State Map Postersubmitted by
Higher Order Thinking Skills:
Role of Activity in a Course:
Data, Tools and Logistics
As will become apparent throughout the duration of this semester, the landscape of the conterminous United States is highly diverse, and includes plains, mountains, valleys, prairies, lakes, rivers, and deserts that have been sculpted by a variety of geologic agents. The landscapes found throughout the U.S. thus reflect the interplay between geological processes and the underlying bedrock. The purpose of this exercise is to familiarize you with the "landscape" in a particular area, in this case, one of the lower 48 states.
Formally, the U.S. has been divided into several Physiographic Provinces, which correspond to regions that share certain geomorphic features in common, whether they be mountain belts, plateaus, plains, coastlines, etc. As such, the boundaries among the various Physiographic Provinces typically cross state boundaries, such that most states lie within more than one province.
As an example, two colored maps of the state of Virginia, downloaded from the Web here, courtesy of Professor C.M. Bailey, College of William & Mary) are attached. The first one is a colored relief map showing Physiographic Province boundaries, and the second map highlights the provinces themselves. Each map is accompanied by an explanatory legend about the various physiographic and geologic segments of the state of Virginia.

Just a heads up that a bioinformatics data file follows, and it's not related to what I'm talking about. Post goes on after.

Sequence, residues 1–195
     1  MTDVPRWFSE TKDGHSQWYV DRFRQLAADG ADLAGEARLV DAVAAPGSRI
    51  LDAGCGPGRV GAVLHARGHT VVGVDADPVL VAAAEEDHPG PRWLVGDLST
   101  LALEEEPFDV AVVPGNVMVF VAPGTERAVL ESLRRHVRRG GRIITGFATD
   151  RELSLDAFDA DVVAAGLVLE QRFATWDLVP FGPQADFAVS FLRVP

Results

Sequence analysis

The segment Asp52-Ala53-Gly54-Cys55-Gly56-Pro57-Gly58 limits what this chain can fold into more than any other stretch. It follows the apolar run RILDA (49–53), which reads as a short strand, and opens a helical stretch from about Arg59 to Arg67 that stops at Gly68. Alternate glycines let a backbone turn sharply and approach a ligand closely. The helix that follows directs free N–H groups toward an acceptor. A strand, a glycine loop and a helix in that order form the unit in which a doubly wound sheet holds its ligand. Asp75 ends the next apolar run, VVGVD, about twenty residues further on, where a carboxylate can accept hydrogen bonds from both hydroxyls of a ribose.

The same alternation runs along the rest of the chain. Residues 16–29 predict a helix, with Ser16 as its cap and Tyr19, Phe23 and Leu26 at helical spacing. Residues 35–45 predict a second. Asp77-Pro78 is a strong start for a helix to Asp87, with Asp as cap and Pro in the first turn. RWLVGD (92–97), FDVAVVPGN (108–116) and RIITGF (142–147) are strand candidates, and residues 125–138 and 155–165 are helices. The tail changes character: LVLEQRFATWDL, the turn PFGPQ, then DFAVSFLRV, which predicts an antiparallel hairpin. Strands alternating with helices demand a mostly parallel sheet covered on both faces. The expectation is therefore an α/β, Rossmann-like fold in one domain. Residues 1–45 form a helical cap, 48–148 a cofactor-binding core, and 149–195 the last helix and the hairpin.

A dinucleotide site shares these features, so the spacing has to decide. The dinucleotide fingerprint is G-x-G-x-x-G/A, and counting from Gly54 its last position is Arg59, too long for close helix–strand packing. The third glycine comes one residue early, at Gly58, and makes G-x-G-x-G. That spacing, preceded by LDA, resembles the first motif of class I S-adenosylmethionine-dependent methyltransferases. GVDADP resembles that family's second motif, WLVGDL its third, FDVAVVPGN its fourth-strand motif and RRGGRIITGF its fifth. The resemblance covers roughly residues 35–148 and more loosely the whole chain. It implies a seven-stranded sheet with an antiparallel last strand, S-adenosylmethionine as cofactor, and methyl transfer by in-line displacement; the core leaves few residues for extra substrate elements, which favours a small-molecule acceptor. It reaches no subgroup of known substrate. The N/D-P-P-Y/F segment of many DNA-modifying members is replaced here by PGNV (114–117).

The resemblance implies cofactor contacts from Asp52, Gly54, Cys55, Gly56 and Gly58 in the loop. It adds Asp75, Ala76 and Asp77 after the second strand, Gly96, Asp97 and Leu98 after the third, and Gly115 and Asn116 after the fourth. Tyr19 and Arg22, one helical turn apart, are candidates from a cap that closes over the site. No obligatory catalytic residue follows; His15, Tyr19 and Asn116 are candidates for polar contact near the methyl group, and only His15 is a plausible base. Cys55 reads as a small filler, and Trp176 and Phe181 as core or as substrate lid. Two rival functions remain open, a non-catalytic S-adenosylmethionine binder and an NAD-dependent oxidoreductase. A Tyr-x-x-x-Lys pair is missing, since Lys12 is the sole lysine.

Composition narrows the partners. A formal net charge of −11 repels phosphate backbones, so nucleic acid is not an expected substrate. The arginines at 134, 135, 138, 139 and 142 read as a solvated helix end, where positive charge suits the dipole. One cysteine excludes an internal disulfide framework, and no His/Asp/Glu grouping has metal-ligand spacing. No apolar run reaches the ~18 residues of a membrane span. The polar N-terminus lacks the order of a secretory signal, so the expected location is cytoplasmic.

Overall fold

This assignment asks you to select a state, to learn as much as possible about the nature of its landscape and its bedrock geology, and to produce a report that explains how the landscape achieved its present configuration. The product of your efforts will be a poster (on a single 36x48" board), and a brief oral presentation to the class during the week before spring break.
One way to proceed is through a series of panels within your poster, each devoted to a different aspect of your state. You should make sure that an explanation accompanies each diagram. Things to consider include topography, drainage, surface features, bedrock, geologic history, and anything else that contributes to understanding the "lay-of the-land." Limitations of space will force you to be creative as well as to be succinct with your explanations, while being informative and at the same time avoiding overcrowding within your display.
You should select a state as soon as possible, which will enable you to obtain appropriate resources on a timely basis. Our EPSc library contains a set of digital relief maps for each state (or at least those that are available), which will enable you to gain a good feel for your state. Our EPSc library also is a depository for state documents, so you should be able to get started right away. However, it might prove necessary to contact a state agency to obtain information and maps (like the attached ones for Virginia). I must insist that each student select a different state.
After this exercise is done, we will hang the posters from the cases in the second floor of Wilson Hall. When we did this exercise two years ago, the poster display attracted a lot of attention and received a considerable amount of positive feedback.